Grand Lake St. Marys, the poster child for algae pollution in Ohio, is getting some federal help.
U.S. Sen. Sherrod Brown's office announced this morning that the Department of Agriculture is making available $1 million toward the purchase of a methane digester.
What is a methane digester? The facility turns methane from manue into energy. Manure that is spread onto farm fields as fertilizer often washes off in the rain and ends up in streams and eventually lakes. The phosphorus from these wastes feed the toxic algae that grows in so many Ohio ponds and lakes.
Blue-green algae, also called cyanobacteria, is common in most Ohio lakes but grows thick in water feeding on phosphorus from manure, fertilizers and sewage that rain washes into streams and eventually into lakes.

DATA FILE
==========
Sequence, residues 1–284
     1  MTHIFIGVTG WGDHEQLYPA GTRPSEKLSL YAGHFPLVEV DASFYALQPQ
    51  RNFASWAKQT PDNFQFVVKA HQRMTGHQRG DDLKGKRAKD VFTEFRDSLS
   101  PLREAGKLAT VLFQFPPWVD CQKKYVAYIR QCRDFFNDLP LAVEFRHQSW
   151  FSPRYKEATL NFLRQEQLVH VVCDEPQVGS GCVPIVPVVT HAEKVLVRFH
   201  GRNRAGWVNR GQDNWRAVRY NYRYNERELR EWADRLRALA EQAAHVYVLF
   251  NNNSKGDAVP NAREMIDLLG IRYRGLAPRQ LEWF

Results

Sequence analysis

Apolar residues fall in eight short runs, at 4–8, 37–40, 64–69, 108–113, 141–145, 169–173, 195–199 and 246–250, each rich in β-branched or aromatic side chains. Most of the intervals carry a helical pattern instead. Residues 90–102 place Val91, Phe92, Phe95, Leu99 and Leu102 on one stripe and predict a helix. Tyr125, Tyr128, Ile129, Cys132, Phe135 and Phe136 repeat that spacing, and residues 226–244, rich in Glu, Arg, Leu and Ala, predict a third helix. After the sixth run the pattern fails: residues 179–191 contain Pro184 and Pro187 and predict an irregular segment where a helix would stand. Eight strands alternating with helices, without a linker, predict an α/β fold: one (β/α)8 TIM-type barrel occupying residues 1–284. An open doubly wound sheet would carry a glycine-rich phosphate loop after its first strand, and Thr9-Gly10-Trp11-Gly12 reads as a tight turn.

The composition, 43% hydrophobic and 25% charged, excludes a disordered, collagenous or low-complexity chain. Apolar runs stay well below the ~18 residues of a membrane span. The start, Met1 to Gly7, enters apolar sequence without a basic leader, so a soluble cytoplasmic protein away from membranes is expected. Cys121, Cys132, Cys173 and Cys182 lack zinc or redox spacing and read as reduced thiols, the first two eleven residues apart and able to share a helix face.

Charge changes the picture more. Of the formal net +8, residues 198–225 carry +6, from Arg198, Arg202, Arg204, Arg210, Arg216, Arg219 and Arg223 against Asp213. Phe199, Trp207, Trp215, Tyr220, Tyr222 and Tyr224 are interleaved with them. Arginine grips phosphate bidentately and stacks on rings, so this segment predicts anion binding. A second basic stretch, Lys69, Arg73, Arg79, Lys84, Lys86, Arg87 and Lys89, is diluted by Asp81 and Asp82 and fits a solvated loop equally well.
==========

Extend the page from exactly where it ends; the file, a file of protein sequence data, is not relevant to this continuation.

The algae can produce liver and nerve toxins.
Grand Lake St. Marys has been suffered with excessive algae for three years. Warnings to stay away from the water have hurt tourism at the western Ohio lake. This year the warnings are not as grave.
Quasar Energy Group of Cleveland was sought the $1 million federal grant for the $2.24 million facility.
The facility likely would be located south of the lake in a central spot in the watershed and take six months to build. The amount of manure to be processed isn't set, but three producers in the watershed have said they can each supply up to 50 tons of manure daily.
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